By Lydia Lee
FROM THE JANUARY 2020 ONLINE ISSUE OF METROPOLIS MAGAZINE.
The building’s midcentury architecture was historically significant, so architecture firm Dreyfuss + Blackford’s upgrades had to be thoughtful and subtle.
In 1955, Albert Dreyfuss and Leonard Blackford were young architects in their thirties who had just landed the biggest project of their careers. They’d been commissioned to design the new headquarters of the Sacramento Municipal Utility District (SMUD), the public electric utility for the region. After convincing their new client to send them on a cross-country tour of the latest architecture, the duo returned inspired by the International Style of Mies van der Rohe’s buildings at the Illinois Institute of Technology and SOM’s Lever House skyscraper in Manhattan, among others. The 130,000-square-foot offices took on a correspondingly sharp geometry, but Dreyfuss and Blackford also found their own language for a “machine for living.” Among them were an unusual facade of movable fins to screen out the blazing Sacramento sun, and a signature mural by then-unknown artist Wayne Thiebaud.
Roughly 60 years later, the next generation of architects at Dreyfuss + Blackford was hired to update the facility, now listed on the National Register of Historic Places (and much beloved by the local architecture community). The work included removing asbestos, doing a seismic upgrade, and replacing the mechanical systems, along with a complete refresh of the interiors. The group approached this inheritance with a certain amount of trepidation.
“It was scary,” says Kristopher Barkley, president and design director of Dreyfuss + Blackford, who oversaw the modernization, which was designed to meet LEED Gold standards. “We wanted to retain the feel of the building and didn’t want to screw it up. Everything about the building was designed to be as efficient as possible, so there was no wasted space, making it difficult to change out lighting and other things in the ceiling plenum.”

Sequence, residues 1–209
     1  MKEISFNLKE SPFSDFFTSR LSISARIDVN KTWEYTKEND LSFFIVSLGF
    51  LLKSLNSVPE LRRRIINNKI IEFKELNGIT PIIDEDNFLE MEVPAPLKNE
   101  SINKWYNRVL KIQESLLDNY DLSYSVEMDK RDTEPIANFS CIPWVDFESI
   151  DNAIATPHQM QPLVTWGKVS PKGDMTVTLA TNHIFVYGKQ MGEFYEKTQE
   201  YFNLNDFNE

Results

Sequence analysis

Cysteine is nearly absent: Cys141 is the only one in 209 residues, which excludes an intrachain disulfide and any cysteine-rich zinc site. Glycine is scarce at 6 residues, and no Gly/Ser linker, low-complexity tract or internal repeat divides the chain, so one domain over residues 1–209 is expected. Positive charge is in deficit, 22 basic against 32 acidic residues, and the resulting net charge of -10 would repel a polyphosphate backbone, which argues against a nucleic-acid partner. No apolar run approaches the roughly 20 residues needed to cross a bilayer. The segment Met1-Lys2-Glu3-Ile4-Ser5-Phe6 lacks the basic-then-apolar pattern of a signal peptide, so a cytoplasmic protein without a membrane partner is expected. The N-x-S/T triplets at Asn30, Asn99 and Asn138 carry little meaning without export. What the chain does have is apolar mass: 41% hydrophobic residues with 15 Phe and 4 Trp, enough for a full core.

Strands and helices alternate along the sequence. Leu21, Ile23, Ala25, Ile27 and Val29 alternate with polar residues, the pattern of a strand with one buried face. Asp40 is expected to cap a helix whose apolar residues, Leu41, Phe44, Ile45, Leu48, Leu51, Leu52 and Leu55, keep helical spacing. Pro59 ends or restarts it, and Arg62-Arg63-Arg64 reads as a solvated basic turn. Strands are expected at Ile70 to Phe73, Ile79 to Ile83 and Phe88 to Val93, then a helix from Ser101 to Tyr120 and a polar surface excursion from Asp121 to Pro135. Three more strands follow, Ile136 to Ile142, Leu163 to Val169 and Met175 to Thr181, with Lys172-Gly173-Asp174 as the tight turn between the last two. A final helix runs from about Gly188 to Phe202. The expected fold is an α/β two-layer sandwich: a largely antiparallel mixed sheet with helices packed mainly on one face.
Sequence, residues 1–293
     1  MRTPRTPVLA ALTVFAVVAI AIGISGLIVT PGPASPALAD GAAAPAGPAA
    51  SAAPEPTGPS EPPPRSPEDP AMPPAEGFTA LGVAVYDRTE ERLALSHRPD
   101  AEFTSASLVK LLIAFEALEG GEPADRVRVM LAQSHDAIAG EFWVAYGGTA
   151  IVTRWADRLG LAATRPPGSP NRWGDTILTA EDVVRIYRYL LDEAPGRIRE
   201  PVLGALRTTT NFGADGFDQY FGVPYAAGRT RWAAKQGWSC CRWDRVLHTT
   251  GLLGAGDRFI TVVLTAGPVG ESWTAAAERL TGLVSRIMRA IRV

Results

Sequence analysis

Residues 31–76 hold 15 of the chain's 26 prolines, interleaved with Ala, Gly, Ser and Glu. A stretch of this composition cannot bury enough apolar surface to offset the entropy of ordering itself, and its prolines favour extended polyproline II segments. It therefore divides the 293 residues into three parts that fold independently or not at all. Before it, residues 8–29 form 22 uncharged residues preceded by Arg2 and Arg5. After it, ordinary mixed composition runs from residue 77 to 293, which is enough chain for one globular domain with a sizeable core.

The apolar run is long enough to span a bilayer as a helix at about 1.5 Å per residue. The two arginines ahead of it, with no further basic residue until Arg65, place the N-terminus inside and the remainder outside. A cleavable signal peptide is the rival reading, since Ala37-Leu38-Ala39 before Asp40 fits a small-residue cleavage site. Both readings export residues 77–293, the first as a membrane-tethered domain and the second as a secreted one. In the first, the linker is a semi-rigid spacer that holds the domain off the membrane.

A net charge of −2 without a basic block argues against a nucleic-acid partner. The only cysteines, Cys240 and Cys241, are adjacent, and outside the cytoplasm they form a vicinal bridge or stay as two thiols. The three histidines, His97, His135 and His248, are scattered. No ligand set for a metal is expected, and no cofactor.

Fortunately, the offices’ fundamental design, which adhered strictly to a five-foot grid, held up well. It had originally been designed with an open plan in lieu of private offices, making it relatively easy for the architects to undo a series of renovations that had turned the building into a dark, enclosed warren over the years.
In addition, the building’s system of horizontal and vertical fins for solar screening—which even back in 1959 had been motorized on the east and west facades in order to track the sun—had continued to perform as intended. “As a result of this elaborate protective system, the sun never enters the building above the level of the desktops nearest to the windows,” extolled the May 1961 issue of Architectural Forum. “At the same time, the 450 occupants have the pleasant experience that comes from working inside an airy, glass-walled building.” The fins worked so well at shading the windows that when the architects looked into upgrading the building’s original single-pane glazing with double-paned, low-e windows, the return on investment didn’t pencil out.
Instead, the architects worked on opening up the building’s central core, which held the elevator, enclosed stairwell, and a large mechanical shaft. This core previously featured an opaque facade, so the architects gave it a curtain wall of thermochromic glass to screen out the sun. They also expanded the core by about 15,000 square feet over six levels to create more lounge areas. They replaced the no-longer-necessary mechanical shaft with a new distributed HVAC system, and put in an open central stair to create an attractive alternative to taking the elevator.
The project also included the cleaning and repair of the 250-by-15-foot Venetian glass tile mosaic that wraps around the ground level of the building. Designed by Thiebaud, who was a friend of the original architects, Water City is the only public work by the renowned artist. The colorful, abstract mural brings personality and warmth to the rational architecture. “It adds a certain richness to the building that can’t be achieved by other means,” says Barkley. The design team also added some bright colors to the interiors in order to provide more visual interest and give each floor an identity. Concludes Barkley, “We think the building’s good for the next 60 years.”